Sandoval emphasizes the lack of any essential criterion for identifying who is a woman of colour. She notes that the definition of the group has been by conscious appropriation of negation. For example, a Chicana or US black woman has not been able to speak as a woman or as a black person or as a Chicano. Thus, she was at the bottom of a cascade of negative identities, left out of even the privileged oppressed authorial categories called ‘women and blacks’, who claimed to make the important revolutions. The category ‘woman’ negated all non-white women; ‘black’ negated all non-black people, as well as all black women. But there was also no ‘she’, no singularity, but a sea of differences among US women who have affirmed their historical identity as US women of colour. This identity marks out a self-consciously constructed space that cannot affirm the capacity to act on the basis of natural identification, but only on the basis of conscious coalition, of affinity, of political kinship.8 Unlike the ‘woman’ of some streams of the white women’s movement in the United States, there is no naturalization of the matrix, or at least this is what Sandoval argues is uniquely available through the power of oppositional consciousness.

Sandoval’s argument has to be seen as one potent formulation for feminists out of the world-wide development of anti-colonialist discourse; that is to say, discourse dissolving the ‘West’ and its highest product – the one who is not animal, barbarian, or woman; man, that is, the author of a cosmos called history. As orientalism is deconstructed politically and semiotically, the identities of the occident destabilize, including those of feminists.9 Sandoval argues that ‘women of colour’ have a chance to build an effective unity that does not replicate the imperializing, totalizing revolutionary subjects of previous Marxisms and feminisms which had not faced the consequences of the disorderly polyphony emerging from decolonization.

Katie King has emphasized the limits of identification and the political/ poetic mechanics of identification built into reading ‘the poem’, that generative core of cultural feminism. King criticizes the persistent tendency among contemporary feminists from different ‘moments’ or ‘conversations’ in feminist practice to taxonomize the women’s movement to make one’s own political tendencies appear to be the telos of the whole. These taxonomies tend to remake feminist history so that it appears to be an ideological struggle among coherent types persisting over time, especially those typical units called radical, liberal, and socialist-feminism. Literally, all other feminisms are either incorporated or marginalized, usually by building an explicit ontology and epistemology.10 Taxonomies of feminism produce epistemologies to police deviation from official women’s experience. And of course, ‘women’s culture’, like women of colour, is consciously created by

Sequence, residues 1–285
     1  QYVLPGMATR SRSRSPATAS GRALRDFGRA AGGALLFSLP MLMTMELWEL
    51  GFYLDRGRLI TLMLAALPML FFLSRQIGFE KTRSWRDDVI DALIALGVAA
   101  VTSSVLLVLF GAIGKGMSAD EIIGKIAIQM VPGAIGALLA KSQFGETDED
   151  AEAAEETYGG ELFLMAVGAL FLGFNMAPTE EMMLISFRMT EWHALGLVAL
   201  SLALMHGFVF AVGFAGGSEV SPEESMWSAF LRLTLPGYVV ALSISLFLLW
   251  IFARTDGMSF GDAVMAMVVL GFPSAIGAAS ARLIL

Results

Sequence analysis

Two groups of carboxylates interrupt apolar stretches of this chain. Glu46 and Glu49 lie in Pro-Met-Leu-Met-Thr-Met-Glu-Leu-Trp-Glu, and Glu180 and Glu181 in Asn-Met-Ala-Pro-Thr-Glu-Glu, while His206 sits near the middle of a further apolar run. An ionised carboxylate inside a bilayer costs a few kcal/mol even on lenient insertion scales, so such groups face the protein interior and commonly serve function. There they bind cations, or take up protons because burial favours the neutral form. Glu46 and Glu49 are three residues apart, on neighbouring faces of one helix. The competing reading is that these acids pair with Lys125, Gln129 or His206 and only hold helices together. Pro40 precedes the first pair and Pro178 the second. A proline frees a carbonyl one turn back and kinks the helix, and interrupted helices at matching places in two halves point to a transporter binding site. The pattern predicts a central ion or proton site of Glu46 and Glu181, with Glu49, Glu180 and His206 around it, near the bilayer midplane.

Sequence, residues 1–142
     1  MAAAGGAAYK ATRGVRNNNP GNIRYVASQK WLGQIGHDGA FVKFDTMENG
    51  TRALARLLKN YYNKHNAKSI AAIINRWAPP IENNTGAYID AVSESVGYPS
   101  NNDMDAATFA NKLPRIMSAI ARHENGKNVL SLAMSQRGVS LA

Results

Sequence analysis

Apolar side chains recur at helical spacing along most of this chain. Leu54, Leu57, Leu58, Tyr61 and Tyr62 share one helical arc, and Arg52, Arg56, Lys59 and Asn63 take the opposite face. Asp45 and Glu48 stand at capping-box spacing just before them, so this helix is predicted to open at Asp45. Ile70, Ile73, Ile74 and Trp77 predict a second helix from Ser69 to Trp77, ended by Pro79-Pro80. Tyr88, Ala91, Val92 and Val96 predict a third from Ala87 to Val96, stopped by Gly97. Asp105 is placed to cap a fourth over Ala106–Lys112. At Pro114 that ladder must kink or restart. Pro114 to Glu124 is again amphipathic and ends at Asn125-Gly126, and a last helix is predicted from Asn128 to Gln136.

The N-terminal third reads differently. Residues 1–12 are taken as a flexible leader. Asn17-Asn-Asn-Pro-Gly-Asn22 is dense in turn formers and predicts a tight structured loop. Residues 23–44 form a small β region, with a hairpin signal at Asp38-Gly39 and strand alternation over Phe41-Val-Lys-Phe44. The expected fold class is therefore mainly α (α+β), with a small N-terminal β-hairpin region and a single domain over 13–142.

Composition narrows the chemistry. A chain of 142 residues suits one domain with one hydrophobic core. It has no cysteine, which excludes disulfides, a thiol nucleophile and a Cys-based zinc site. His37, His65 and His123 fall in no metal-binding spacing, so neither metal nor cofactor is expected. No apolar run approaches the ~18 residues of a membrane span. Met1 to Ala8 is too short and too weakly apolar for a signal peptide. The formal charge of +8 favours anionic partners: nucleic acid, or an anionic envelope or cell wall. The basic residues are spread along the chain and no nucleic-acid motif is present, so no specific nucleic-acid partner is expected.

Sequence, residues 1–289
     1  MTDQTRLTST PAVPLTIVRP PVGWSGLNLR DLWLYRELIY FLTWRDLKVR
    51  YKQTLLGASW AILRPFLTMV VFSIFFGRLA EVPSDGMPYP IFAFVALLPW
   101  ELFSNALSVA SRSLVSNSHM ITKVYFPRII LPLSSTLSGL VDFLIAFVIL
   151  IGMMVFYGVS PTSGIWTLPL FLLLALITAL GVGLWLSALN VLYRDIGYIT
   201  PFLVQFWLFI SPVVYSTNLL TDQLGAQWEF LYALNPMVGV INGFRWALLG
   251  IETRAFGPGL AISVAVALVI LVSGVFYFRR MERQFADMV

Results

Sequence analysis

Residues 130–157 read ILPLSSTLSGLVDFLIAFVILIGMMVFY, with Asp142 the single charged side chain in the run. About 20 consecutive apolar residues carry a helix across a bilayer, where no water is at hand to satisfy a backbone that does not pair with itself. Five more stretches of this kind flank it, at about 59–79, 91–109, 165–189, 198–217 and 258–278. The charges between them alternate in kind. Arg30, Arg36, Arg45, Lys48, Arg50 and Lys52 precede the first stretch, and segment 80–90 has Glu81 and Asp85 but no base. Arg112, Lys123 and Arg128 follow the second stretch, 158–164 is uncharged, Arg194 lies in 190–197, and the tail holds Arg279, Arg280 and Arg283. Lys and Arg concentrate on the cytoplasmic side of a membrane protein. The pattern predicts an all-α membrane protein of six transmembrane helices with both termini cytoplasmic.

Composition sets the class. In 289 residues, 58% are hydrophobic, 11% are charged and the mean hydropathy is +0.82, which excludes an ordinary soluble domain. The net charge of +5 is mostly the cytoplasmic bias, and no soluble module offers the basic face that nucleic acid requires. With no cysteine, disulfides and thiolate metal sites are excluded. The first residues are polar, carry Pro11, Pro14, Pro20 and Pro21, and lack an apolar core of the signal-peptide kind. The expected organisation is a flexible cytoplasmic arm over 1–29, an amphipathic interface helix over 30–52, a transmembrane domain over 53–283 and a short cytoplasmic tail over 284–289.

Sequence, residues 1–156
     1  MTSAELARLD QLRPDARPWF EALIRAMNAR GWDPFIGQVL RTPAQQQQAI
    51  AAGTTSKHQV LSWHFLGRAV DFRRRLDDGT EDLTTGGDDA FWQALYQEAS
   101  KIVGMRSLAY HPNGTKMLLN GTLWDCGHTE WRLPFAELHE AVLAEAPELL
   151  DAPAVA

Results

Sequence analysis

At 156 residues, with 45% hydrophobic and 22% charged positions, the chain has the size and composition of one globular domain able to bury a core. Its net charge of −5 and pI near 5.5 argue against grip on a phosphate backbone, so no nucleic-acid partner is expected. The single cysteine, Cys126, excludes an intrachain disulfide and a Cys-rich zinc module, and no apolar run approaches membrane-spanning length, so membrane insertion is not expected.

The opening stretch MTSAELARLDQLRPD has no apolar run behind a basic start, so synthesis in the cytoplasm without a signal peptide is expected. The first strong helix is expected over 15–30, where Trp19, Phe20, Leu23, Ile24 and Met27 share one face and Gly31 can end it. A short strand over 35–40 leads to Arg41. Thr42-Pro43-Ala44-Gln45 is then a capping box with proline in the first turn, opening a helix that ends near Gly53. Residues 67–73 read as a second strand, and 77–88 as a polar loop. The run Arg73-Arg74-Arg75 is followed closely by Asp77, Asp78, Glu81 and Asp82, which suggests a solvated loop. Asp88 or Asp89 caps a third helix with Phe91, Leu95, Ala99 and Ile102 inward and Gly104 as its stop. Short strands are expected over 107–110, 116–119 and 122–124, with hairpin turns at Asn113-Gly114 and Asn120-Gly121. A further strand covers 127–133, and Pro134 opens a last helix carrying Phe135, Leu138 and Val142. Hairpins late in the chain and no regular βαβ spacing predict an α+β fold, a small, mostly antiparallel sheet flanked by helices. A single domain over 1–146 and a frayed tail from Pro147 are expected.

mechanisms inducing affinity. The rituals of poetry, music, and certain forms of academic practice have been pre-eminent. The politics of race and culture in the US women’s movements are intimately interwoven. The common achievement of King and Sandoval is learning how to craft a poetic/political unity without relying on a logic of appropriation, incorpora-tion, and taxonomic identification.

The theoretical and practical struggle against unity-through-domination or unity-through-incorporation ironically not only undermines the justifica-tions for patriarchy, colonialism, humanism, positivism, essentialism, scient-ism, and other unlamented -isms, but all claims for an organic or natural standpoint. I think that radical and socialist/Marxist-feminisms have also undermined their/our own epistemological strategies and that this is a crucially valuable step in imagining possible unities. It remains to be seen whether all ‘epistemologies’ as Western political people have known them fail us in the task to build effective affinities.

It is important to note that the effort to construct revolutionary stand-points, epistemologies as achievements of people committed to changing the world, has been part of the process showing the limits of identification. The acid tools of postmodernist theory and the constructive tools of ontological discourse about revolutionary subjects might be seen as ironic allies in dissolving Western selves in the interests of survival. We are excruciatingly conscious of what it means to have a historically constituted body. But with the loss of innocence in our origin, there is no expulsion from the Garden either. Our politics lose the indulgence of guilt with the naivete of innocence. But what would another political myth for socialist-feminism look like? What kind of politics could embrace partial, contradictory, permanently unclosed constructions of personal and collective selves and still be faithful, effective – and, ironically, socialist-feminist?